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How to Get a Job Teaching English as a Second Language

How to Get a Job Teaching English as a Second Language

Preparation is key if you aim to teach English as a Second Language (ESL). Targeting ESL teaching jobs can be an excellent way to jump-start your teaching career if you think you have what it takes to help students in this area.

As English has become one of the most important languages to know to conduct business, connect to literature, and attract tourist dollars, demand for English instructors for non-native speakers has skyrocketed.

Unfortunately, there are still children and adults who never learn the language due to lack of education or isolation. There is an ever-increasing need for qualified individuals to teach English as a second language, also known as ESL. ESL teachers can find ESL teaching positions locally or abroad due to the global demand for English skills.

If you think you have patience and what it takes to help people learn to speak and read English, you might consider entering this field.

ESL Teachers in English Speaking Countries

If you are interested in teaching English to non-native speakers but aren’t ready to fly around the world yet, your dream job might be closer than you think. Many schools in English-speaking countries employ ESL teachers to help educate students who speak very little English or do not speak any English.

It is quite common for schools to accept students who have emigrated from a non-English speaking country or who live in a household where English is not spoken.

Often, instructors who are qualified to teach English as a second language are in high demand due to the need to work with diverse learners with a wide range of English skills.

There might find native speakers of multiple languages in your classroom, and you might not be able to speak all of those languages. Develop alternate means of communication with them while you try to instruct them in the English language. Some schools have students who speak the other language who can help teachers with interpretation.

In some regions, you will need to be certified to teach ESL in addition to a generalist or subject-area certification for your age group. Teachers with an ESL certification can teach in both generalist classrooms and classrooms populated by English language learners. In other places, there is no official ESL teaching certification.

In these cases, schools are willing to employ anyone as an ESL teacher as long as they have a Bachelor’s degree and speak English as their native language. If you hold a teaching degree but have been unable to find a job in your subject area, you may increase your chances of obtaining a job by temporarily teaching ESL.

If your goal is to teach English as a second language closer to home, but you don’t want to specialize in a school-aged population, you still have options.

In addition to teaching elementary, middle, or high school students, there are opportunities to teach adult classes, work with private schools or work independently as a tutor. These are just a few options that could help you advance toward the goal you want to achieve, even if it isn’t English as a second language (ESL) instruction.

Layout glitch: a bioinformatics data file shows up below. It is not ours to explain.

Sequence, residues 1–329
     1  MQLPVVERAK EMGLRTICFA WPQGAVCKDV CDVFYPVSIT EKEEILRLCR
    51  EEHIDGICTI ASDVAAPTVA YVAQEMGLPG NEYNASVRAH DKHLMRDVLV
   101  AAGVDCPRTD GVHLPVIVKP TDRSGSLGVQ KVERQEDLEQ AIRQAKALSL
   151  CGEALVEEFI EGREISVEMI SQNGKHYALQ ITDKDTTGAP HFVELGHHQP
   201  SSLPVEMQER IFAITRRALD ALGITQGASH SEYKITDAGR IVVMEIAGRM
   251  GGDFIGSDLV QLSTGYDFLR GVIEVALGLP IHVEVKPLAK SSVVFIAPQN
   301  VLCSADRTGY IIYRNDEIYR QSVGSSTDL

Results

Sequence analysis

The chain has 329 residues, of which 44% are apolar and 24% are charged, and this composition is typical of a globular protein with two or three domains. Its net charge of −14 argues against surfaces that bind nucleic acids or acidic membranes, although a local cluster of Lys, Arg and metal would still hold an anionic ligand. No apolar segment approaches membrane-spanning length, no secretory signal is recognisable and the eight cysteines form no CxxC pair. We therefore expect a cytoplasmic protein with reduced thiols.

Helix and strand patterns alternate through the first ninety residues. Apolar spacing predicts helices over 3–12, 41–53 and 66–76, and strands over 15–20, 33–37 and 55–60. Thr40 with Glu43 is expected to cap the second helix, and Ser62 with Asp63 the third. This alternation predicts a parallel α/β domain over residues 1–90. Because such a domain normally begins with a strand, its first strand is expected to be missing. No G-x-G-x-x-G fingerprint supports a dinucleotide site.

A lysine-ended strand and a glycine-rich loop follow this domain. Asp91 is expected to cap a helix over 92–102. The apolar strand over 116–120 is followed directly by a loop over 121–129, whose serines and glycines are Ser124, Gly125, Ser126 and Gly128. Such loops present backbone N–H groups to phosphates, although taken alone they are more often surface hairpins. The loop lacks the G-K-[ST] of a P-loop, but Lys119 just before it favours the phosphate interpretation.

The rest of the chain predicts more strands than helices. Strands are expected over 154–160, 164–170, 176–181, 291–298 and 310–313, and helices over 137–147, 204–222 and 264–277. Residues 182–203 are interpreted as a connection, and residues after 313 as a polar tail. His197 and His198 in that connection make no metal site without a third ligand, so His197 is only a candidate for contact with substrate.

Teach English in a Non-native Speaking Country

ESL teachers are frequently in high demand in countries where English is not the most commonly spoken language. English is the most common language for business transactions worldwide, and many schools require their students to learn English.

ESL teachers are frequently in high demand in countries where English is not the official language. Click To Tweet

If you want to teach English in a school outside of your home country, it is quite helpful to know at least a bit of the language spoken in that country. A few schools require you to speak the country’s dominant language while others strongly prefer it. Schools may offer an interpreter or a student who speaks both languages to help you.

If you teach English as a second language (ESL) in a foreign country, you will likely have classes that vary in size. In some areas, ESL teachers will find themselves instructing up to 40 students at a time.

This tends to occur mostly in areas that have a high population density and overcrowded schools. If the class size is a concern for you, make sure you request information regarding the average class size from any school in which you would like to work before committing.

Often, ESL teachers who work in a foreign country will be provided housing, airfare to and from the host country, or related benefits by the school where they are working.

Teaching overseas can be an excellent opportunity for those interested in seeing the world. Just be confident you can stand away from home if you commit to an English as a second language (ESL) position abroad. Some schools require a commitment of up to two years.

ESL teaching is an ever-expanding field, and as an ESL teacher, you will have the pleasure of seeing your students grow and develop daily. There is a diverse selection of English as a second language teaching opportunities, as far away as the other side of the globe and as close-by as your neighborhood elementary school.

If ESL teaching interests you, explore your opportunities carefully before committing to one choice. ESL teaching can be your chance to make a difference. Are you ready to take the chance and embark on a new career direction?

Start preparing for a career to teach English to students who are learning the language? Are you an English as a second language (ESL) teacher hoping to move up to manage a program?